Anxious thoughts can shred hours away from your day, eating into your productivity or sometimes keeping you awake at 2 am with your brain in overdrive. (We’ve all been there.)

If you experience anxious thoughts or feelings, know that you’re not alone. Women are almost twice as likely as men to deal with anxiety. In tech, studies confirm that women and minorities experience stress and poor mental health, often related to discrimination.

Anxious thoughts can be a major barrier to your career growth, impacting your confidence, performance and enjoyment of work. But you can learn to overcome these thoughts and get on with smashing your goals.

What causes anxiety?

The National Alliance on Mental Illness lists genetics and environment as two key contributors to anxiety. It may ‘run in the family’ for you, or you may have picked it up due to a stressful or traumatic life experience. The exact causes of anxiety and worry are still a mystery, and can differ from person to person.

We know that uncertainty can ignite anxious thoughts, which is why the global pandemic has led many women to burnout and poor mental health. Increased household tasks, less support and working from home challenges haven’t made it easy.

But there’s also got to be a link to the way we’re living. Women these days are leading fast-paced lives, often juggling careers with childcare and household admin. All the while, we receive a constant stream of messages via social media platforms that force us to compare ourselves to others.

There’s a lot going on. We’d hazard a guess that anxiety is at an all-time high for working women.

How can anxiety and worry affect you?


Persistent ‘mental chatter’ and negative self-talk can affect all areas of your personal life, including:

  • Physical health
  • Weight control
  • Stress management
  • Relationships
  • Mood
  • Earning potential and income
  • Mental and physical performance.

By contrast, positive thinking can prevent many health conditions and improve overall wellbeing.

Anxiety can seem to suck the joy out of everyday life. Left unchecked, it can also lead to more significant mental health issues.


It’s not unusual for people to ruminate over mistakes they made at work, things they said, things that were said by others, or perceived failures. Anxious thoughts can become relentless and start to impact your career. This may present itself as:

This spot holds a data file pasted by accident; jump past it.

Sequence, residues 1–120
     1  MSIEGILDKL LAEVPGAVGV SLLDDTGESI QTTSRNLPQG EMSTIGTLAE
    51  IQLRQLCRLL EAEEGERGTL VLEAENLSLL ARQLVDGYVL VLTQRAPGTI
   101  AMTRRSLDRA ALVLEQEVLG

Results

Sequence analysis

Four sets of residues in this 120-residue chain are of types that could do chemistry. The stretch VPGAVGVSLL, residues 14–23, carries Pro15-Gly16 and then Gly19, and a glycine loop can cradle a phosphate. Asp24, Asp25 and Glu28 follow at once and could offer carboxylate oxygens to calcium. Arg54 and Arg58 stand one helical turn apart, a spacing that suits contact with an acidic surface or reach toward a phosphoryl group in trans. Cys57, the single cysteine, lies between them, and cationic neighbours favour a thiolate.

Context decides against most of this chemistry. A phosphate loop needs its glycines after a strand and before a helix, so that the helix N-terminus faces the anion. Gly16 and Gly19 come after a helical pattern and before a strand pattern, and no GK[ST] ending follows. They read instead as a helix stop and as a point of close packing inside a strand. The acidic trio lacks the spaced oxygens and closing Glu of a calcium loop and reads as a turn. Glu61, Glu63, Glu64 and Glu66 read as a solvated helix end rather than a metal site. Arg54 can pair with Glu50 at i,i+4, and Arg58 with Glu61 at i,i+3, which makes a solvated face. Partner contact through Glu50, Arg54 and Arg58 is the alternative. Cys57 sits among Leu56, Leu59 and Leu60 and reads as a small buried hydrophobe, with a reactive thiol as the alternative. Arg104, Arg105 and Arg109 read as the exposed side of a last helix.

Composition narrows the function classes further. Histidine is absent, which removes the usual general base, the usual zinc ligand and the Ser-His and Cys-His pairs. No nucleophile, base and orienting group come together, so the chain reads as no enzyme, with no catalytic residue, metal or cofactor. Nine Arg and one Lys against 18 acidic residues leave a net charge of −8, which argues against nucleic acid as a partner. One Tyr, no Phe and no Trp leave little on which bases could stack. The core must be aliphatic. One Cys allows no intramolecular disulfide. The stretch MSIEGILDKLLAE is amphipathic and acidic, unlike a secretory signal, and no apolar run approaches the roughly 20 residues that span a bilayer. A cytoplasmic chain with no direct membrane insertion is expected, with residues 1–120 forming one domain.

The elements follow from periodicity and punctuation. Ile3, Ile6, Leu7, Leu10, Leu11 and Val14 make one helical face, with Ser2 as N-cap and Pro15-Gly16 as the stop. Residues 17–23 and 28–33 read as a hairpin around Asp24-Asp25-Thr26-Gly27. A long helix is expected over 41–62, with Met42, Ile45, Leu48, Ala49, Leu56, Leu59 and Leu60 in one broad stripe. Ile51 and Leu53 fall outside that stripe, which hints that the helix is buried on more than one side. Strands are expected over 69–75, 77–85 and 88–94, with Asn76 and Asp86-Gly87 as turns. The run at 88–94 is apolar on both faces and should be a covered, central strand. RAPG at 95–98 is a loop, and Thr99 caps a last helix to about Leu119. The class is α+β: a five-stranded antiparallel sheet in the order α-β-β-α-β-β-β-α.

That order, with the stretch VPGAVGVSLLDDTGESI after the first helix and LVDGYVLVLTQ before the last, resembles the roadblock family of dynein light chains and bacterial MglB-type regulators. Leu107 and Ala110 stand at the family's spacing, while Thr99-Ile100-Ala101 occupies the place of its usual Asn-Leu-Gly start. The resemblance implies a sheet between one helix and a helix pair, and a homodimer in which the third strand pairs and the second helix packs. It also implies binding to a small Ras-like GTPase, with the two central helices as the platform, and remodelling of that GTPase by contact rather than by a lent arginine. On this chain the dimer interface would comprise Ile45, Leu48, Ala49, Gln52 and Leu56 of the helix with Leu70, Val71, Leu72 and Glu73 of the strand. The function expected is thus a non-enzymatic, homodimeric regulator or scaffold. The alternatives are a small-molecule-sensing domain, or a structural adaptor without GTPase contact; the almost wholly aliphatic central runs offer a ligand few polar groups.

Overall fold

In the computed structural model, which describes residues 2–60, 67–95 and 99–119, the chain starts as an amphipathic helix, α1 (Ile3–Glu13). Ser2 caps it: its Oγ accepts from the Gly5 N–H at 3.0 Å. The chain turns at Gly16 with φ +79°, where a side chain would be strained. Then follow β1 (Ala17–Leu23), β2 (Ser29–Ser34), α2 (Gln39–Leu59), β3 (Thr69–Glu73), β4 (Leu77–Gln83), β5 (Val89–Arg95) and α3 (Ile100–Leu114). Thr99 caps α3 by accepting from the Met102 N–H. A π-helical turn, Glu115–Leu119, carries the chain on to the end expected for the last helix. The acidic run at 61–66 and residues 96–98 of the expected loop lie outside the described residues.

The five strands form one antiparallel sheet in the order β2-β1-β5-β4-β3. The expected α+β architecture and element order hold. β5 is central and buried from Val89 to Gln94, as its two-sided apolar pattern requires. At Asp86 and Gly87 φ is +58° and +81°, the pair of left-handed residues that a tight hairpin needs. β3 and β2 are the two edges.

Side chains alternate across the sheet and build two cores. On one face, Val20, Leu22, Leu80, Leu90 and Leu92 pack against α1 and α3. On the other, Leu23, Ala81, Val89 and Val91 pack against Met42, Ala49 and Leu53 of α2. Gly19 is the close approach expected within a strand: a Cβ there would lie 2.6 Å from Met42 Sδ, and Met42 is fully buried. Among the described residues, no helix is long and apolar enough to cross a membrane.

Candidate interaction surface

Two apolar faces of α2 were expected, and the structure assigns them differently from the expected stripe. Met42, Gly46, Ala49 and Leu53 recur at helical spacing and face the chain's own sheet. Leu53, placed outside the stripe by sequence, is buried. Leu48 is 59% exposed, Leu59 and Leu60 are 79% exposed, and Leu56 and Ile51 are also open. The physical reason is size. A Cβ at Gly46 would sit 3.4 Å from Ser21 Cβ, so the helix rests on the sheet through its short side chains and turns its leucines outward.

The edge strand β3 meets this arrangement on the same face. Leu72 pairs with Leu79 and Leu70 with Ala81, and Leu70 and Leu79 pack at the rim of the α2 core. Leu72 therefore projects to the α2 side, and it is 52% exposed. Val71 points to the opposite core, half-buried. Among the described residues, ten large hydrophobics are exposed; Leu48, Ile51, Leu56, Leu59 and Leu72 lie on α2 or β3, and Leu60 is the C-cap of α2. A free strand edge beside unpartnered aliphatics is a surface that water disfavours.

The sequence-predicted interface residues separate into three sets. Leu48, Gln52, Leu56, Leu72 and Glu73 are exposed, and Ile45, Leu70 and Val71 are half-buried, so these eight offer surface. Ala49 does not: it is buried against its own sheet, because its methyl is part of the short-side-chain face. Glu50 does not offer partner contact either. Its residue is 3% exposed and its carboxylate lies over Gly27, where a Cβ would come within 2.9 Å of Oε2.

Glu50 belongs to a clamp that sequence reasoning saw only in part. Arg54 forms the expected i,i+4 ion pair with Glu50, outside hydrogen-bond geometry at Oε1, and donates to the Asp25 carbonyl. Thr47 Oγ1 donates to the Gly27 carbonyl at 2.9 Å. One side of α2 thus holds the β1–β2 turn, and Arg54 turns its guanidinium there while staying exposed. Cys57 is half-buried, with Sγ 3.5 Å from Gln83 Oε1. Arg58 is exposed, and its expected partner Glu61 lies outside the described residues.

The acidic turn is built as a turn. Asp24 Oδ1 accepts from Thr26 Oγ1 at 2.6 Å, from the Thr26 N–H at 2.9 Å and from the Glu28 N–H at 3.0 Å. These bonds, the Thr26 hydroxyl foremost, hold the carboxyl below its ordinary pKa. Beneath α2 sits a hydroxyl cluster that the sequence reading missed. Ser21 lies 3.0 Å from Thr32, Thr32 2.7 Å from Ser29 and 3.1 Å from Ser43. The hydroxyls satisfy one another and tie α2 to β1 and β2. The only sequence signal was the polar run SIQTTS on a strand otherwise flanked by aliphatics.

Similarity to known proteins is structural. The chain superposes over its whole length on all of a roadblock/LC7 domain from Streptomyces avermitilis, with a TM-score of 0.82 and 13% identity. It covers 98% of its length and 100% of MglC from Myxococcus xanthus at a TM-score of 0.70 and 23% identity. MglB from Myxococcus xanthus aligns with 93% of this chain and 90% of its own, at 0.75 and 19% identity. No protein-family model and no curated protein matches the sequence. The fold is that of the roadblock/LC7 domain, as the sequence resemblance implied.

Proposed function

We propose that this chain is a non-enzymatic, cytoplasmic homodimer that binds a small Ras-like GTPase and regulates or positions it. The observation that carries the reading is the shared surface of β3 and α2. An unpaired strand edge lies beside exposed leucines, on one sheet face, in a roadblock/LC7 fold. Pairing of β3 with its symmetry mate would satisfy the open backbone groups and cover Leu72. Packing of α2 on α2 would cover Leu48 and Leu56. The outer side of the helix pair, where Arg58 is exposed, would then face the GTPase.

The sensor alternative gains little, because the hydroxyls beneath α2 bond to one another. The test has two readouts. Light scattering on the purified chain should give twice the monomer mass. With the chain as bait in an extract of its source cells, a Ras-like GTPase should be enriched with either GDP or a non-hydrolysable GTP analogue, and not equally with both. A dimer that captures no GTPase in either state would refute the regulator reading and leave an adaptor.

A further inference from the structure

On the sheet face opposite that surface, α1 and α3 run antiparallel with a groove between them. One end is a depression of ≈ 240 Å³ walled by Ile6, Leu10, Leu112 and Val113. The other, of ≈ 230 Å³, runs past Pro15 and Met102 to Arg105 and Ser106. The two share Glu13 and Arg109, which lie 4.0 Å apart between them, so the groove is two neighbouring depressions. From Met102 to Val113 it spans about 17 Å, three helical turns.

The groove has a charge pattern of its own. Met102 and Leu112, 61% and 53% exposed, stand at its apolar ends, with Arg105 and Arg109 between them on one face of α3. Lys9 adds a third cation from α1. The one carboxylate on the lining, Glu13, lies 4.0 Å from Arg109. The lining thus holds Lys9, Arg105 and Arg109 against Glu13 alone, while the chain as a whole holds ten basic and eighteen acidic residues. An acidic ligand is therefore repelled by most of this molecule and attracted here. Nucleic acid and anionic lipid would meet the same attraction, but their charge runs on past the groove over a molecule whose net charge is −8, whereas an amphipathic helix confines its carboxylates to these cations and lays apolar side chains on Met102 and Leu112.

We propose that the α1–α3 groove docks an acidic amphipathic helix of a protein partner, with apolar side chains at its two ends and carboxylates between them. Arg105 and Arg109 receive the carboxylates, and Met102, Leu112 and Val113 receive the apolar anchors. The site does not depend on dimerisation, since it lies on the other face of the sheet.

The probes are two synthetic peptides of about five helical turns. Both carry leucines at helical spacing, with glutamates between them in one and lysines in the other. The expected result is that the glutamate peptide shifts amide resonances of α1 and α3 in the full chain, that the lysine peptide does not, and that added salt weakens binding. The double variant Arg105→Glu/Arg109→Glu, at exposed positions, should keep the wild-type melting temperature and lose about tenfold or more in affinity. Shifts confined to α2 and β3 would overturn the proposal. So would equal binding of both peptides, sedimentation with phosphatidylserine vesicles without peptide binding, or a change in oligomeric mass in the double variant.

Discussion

• Lack of confidence
  • Time wasted worrying
  • Inability to speak out about injustice
  • Lowered productivity or performance
  • Feelings of guilt or blaming yourself.

Overcoming anxious thoughts about your work can be difficult. It may be useful to get an accountability partner or mentor to help you reframe workplace situations and stay on track with your goals and aspirations.

How can you stop feeling anxious?

Use mindfulness to identify anxious thought patterns

You’ve probably heard about the practice of ‘mindfulness’ (although some people confuse it with meditation, which is an entirely different thing but can also be useful in managing anxiety).

Mindfulness is the idea of learning how to be fully present and engaged in the moment, aware of your thoughts and feelings without distraction or judgment. You can practise mindfulness wherever you are – it doesn’t need to be in a quiet room on a fancy yoga mat. The idea is to notice negative self-talk, and recognise that it’s just ‘thoughts’, not reality. Once you’ve got a hold on this, you can start to reframe these thoughts and catch them before they take over.

Headspace encourages viewing your mind like the sky. Thoughts, like clouds, come and go. You can learn to observe them without dwelling on them or giving them power, remembering that the sky is still blue behind the clouds.

Other ways to reduce feelings of anxiety

  • Relinquish control It can sometimes feel like your emotions are out of your control, like you don’t possess power over them. Letting go of control and accepting that you’re allowed to feel sad, frustrated or disappointed can help you manage anxious feelings. When you release your expectations and stop striving for ‘perfection’, you can open up to all that’s possible.
  • Identify and embrace your desires Don’t ignore what your mind and heart are telling you. Whether you have goals or dreams in your personal life or your professional life, stuffing them down will eventually spiral into anger, resentment and ultimately, regret. Act on your desires instead. Exploring jobs in tech could be the first step for you.
  • Schedule “worry time” It may seem counterintuitive to actively worry, but studies show that setting aside scheduled time to focus on worries decreases anxiety over time. Try developing a habit of spending 20-30 minutes a day focusing on your worries – journaling about them can help.

Take care of yourself

Practising self-care is another important way to curb anxiety.

  • Eat well – occasional treats are fine of course (you’ve gotta live!), but try to aim for a balanced diet.
  • Exercise regularly – 30 minutes of moderate physical activity every day is recommended.
  • Get regular medical checkups – don’t ignore symptoms, even if you think they’re no big deal.
  • Get enough sleep – try for eight hours a night.
  • Stay connected to friends and family – even if you’re introverted, talking to others can help you discuss worries and fill your emotional cup.
  • Seek professional help if you need it – chat to your GP if your worries are persistent and interrupting your life.

There’s enough going on in life without having to worry about getting sick or run down, so self-care is essential.

Connecting with other, like-minded women can help you stay focused on what matters, letting anxious thoughts fall away when they come. Become a Girls in Tech member to experience the benefits of our inspiring global community.

Remember, tech needs you just as you are – anxiety and all.